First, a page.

Omnigraphics’ The Teen Resource Center | Reference Database Review

The user-friendly design, conversational yet well-documented text, and dependable suggested resources will appeal to adolescents. The site also effectively addresses topics teens may feel more comfortable researching privately, making it a solid choice for most libraries serving high school students.

Omnigraphics’ The Teen Resource Center

Grade Level Grade 9 Up

Cost Annual subscriptions are $550 ($495 for schools and libraries).

Content The Teen Resource Center presents “expert life hacks for today’s teens,” with more than 2,000 articles on everything from allergies, drowsy driving, and applying to college to banking, fitness, and eating disorders.

About 30 broad categories, or topic hubs, are featured on the homepage. Clicking a hub pulls up an overview with links to articles on narrower areas (“career exploration” includes articles on mentoring, internships, volunteering, and more). Articles range from five to 10 paragraphs, often including bulleted lists, boxed text, bolded subheadings, clarifying charts and line drawings, references, and website, phone, and address information for relevant government organizations, nonprofits, and foundations. Language is inclusive and nonjudgmental. Content is drawn from Omnigraphics publications, supplemented by government websites and a variety of sources such as Consumer Reports magazine and teendriversource.org. Students may submit questions and suggestions for future coverage. Frequently asked questions (about 500 in total) appear alongside relevant entries.

Ease of Use/Visual Appeal The layout is attractive and informative though not overwhelming, with sharp photos of a diverse array of teens engaged in everyday activities. Navigation is intuitive. Students can browse a list of topic hubs on the left-hand side or search by keyword. A top ribbon menu groups these subjects under three category headings: health, financial literacy, and personal growth. Guidance on using the site is available at the bottom of each page, although portions feel more like a disclaimer than search tips (“this information is not meant to replace expert advice from a doctor…”)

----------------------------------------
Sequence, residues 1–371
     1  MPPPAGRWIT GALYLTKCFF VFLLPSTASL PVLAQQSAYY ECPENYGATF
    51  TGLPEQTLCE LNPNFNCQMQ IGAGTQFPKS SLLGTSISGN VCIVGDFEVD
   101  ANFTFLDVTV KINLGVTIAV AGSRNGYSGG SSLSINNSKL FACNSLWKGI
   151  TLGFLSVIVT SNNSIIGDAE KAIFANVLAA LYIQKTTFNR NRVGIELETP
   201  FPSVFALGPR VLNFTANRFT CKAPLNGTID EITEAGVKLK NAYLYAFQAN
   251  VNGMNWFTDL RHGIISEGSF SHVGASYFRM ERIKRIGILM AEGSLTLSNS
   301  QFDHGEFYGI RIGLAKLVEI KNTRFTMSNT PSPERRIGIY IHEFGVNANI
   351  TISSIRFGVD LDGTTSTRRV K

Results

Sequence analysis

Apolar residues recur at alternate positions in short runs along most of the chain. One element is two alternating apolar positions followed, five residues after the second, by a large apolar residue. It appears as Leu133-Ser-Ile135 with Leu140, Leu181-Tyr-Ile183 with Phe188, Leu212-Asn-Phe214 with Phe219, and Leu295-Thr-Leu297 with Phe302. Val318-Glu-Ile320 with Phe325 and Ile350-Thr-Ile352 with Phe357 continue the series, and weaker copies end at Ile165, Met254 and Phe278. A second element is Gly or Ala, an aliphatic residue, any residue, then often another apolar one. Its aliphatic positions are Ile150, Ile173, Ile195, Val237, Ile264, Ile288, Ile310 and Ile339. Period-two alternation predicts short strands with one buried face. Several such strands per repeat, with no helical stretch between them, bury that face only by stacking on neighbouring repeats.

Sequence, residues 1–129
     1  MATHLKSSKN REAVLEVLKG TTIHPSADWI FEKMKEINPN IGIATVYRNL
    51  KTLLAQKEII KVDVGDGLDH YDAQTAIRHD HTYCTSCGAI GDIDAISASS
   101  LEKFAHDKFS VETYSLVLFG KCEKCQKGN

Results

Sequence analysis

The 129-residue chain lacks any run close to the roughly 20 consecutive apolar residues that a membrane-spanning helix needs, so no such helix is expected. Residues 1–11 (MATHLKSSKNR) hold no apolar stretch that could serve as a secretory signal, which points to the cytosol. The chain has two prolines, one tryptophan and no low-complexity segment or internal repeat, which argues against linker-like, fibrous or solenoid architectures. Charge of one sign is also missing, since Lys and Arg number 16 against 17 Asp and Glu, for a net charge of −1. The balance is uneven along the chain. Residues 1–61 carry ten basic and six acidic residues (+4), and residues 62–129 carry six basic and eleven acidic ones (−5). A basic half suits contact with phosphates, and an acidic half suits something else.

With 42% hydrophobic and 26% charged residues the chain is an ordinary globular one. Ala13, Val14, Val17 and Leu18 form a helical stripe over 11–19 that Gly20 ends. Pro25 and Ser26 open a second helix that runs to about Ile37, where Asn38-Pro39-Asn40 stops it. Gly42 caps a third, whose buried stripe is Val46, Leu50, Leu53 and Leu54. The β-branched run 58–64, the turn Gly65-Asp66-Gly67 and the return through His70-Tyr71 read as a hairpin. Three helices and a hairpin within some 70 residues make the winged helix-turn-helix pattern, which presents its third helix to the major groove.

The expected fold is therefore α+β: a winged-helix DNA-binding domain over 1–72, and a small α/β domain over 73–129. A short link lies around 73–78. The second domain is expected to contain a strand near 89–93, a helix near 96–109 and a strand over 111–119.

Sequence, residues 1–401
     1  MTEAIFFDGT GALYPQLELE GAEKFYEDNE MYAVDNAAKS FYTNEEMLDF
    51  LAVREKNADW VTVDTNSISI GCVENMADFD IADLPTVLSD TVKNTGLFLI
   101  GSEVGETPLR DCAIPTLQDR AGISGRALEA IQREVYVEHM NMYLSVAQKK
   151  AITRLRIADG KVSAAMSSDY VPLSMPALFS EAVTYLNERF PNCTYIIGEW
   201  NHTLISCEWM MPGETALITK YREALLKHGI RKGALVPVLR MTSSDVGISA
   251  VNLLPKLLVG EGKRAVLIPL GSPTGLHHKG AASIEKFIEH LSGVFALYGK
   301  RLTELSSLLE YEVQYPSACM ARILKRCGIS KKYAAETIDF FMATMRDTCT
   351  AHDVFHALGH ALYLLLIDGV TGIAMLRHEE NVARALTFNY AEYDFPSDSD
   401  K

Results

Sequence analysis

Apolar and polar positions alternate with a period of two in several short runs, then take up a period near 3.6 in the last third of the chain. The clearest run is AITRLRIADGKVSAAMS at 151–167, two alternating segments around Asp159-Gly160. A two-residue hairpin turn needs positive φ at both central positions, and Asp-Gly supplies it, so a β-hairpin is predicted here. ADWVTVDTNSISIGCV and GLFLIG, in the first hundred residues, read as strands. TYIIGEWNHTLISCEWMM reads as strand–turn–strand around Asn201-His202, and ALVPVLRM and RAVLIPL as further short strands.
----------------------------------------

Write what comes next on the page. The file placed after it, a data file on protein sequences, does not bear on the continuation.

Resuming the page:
The Teen Resource Center will likely see significant use for personal browsing, especially when teens are reluctant to ask about topics directly. The resource’s treatment of sensitive topics including sexual abuse, opioid addiction, and mental health is straightforward and supportive, with links to hotlines and reliable sources. Other subjects, including driving, finding a part-time job, sleep, and voting, may fit more easily into classroom discussions.

Searching is occasionally frustrating. Some terms, such as vaping or venereal diseases, return no results, even though they are covered under e-cigarettes and sexually transmitted diseases, respectively. Users must rely on the breadcrumb trail rather than the back button when returning to major topic areas.

Verdict The user-friendly design, conversational yet well-documented text, and dependable suggested resources will appeal to adolescents. The site also effectively addresses topics teens may feel more comfortable researching privately, making it a solid choice for most libraries serving high school students.


Maggie Knapp, Trinity Valley School, Middle School/Upper School Library

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